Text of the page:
How Does a Fridge Work?

How does a fridge work? Samsung fridge showing cool air

Have you ever stopped to think “how does a fridge work?”

The household refrigerator is a commonplace appliance. Because of this, it’s easy to forget that there’s actually some clever mechanisms within. This allows us to keep our food cold, fresh and tasty!

The way it works is by using some scientific laws involving pressure and evaporation. In this guide we’ll explain how a fridge works to keep our food cold.

How Refrigeration Works

The Air Conditioning Working Principle

This is the basic scientific premise behind how refrigerators and air conditioning units work. This includes things from mini bar fridges, to central heating, to fans in a car.

The scientific principle behind it is that warm air gets replaced by cold air. This is done through the process of evaporating and condensing something called refrigerant.

We will explain exactly how this works in your fridge using the main fridge components.

The Five Main Components of a Fridge:

  • Compressor
  • Condenser
  • Expansion Valve/Capillary Tubing
  • Evaporator
  • Thermostat/Temperature Gauge

What is a Refrigerant?

Refrigerants are used in both air conditioning units as well as fridges. They are in either a fluid or gaseous state, depending on where in the process they are. Refrigerant is essential for your fridge to create a cold temperature, keeping food fresh.

How Does a Fridge Work?

So, how does a fridge work? A fridge works by taking refrigerant through a cycle all around the fridge. During this process, the refrigerant is heated up and cooled down, turning from a gas to a liquid – and then back again. The full cycle is detailed below, explaining how the process actually cools down your fridge.

  • Step 1 – The Compressor

The compressor pumps in cold and low pressured refrigerant in a gaseous state. Then, the refrigerant is compressed. This compression heats and pressurises it.

  • Step 2 – The Condenser

The hot and high pressured refrigerant is then channelled into the condenser. The condenser removes the heat and condenses the gas into a liquid.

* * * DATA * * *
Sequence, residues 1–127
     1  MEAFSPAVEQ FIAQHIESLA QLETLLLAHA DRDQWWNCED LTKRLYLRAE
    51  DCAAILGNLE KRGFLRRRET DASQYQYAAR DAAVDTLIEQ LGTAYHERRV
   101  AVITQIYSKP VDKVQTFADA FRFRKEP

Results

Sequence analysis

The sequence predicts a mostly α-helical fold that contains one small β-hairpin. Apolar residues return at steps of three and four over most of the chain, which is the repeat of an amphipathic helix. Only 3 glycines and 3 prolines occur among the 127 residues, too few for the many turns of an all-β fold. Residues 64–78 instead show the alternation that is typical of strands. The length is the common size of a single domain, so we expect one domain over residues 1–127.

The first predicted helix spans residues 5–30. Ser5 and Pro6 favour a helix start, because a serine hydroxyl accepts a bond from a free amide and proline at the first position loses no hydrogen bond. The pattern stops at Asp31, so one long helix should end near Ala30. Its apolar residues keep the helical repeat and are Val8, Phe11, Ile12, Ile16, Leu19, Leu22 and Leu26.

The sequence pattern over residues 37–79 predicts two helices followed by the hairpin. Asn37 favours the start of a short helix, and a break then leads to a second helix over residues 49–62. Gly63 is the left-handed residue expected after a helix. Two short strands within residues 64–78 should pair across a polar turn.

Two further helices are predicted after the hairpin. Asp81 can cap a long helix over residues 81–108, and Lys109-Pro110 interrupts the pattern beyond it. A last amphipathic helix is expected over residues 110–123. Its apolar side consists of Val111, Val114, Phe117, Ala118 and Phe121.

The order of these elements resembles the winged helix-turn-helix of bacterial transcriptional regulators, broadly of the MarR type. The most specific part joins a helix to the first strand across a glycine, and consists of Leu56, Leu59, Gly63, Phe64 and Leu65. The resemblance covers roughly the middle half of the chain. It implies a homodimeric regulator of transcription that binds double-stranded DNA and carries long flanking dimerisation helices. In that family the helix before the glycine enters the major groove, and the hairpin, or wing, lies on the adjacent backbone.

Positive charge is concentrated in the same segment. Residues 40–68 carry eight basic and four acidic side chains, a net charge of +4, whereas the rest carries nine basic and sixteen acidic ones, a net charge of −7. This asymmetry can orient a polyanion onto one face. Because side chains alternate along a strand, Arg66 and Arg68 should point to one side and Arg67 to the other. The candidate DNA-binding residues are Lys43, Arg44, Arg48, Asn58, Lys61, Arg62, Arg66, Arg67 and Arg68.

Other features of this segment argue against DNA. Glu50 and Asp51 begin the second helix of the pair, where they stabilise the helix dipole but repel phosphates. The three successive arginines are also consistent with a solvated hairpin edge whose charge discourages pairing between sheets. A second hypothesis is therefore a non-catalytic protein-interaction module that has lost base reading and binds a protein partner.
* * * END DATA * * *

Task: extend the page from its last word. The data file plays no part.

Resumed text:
Ventilation Fins: The heat that is removed from the refrigerant is then released through cooling fins at the back of the fridge. This is why the back of your fridge can get quite warm, or even hot!

  • Step 3 – The Expansion Valve

Then, liquid refrigerant is pushed through the expansion valve. Within this chamber, the pressure is suddenly dropped. This sudden drop in pressure causes the liquid to expand, with some of it rapidly turning into vapour. This change of state from liquid to gas has a cooling effect on the surrounding area.

  • Step 4 – The Evaporator

Afterwards, cold refrigerant in a liquid state leaves the expansion valve and enters the evaporation coils. As it travels through, it absorbs any warm air inside of the fridge. Because refrigerants have low evaporation points, this absorption turns it back into a gas, therefore evaporating. This process has a cooling effect that keeps your fridge nice and cool.

Finally, the cold and low pressure gas from the evaporator travels back into the compressor to begin the cycle again.

How does a fridge work - Appliance City

Should you clean the back of your fridge?

It’s important to clean the back of your fridge because this is where your condenser coils are. When they are covered in dust, fur, or other debris, they do not perform as efficiently. That’s because these will trap the heat that is trying to escape.

Learn more here: How to Clean Condenser Coils

What Type of Gas Does a Fridge Use?

Fridges use a type of gas called refrigerant. However, many different types of refrigerants have been used since the first household refrigerator was invented in 1913.

The first refrigerants used are known as hydrocarbons. Isobutane and propane are examples of these. These were then replaced with chlorofluorocarbons (CFCs). However, CFCs were replaced by hydrofluorocarbons (HFCs) after CFCs were discovered to deplete the ozone layer.

Since then, many manufacturers across Europe, Asia and South America have gone back to using hydrocarbons. This is because HFCs were also found to be detrimental to the planet’s health.

Therefore, although hydrocarbons depend on non-renewable resources for their existence, they are currently the most environmentally friendly refrigerants.

A black fridge compressor inside of a fridge, showing how a fridge works


  • How does a fridge water dispenser work?

How a fridge water dispenser works will depend on if the model is plumbed or not. Non-plumbed fridges with water dispensers will have an interior water reservoir. These are removable so that you can fill them easily. Plumbed fridges, on the other hand, are connected to a main water supply. This allows the fridge to tap into a cold water source, so you can receive water directly from the fridge without the need to refill. Fridges will often have a water filter and/or softener to give you a better drinking experience.

  • Is there such a thing as a frost-free fridge?

No, there is no such thing as a frost-free fridge. This is because a fridge should never reach temperatures cold enough to produce frost. If it does, you should adjust the settings on your fridge.

Need more information?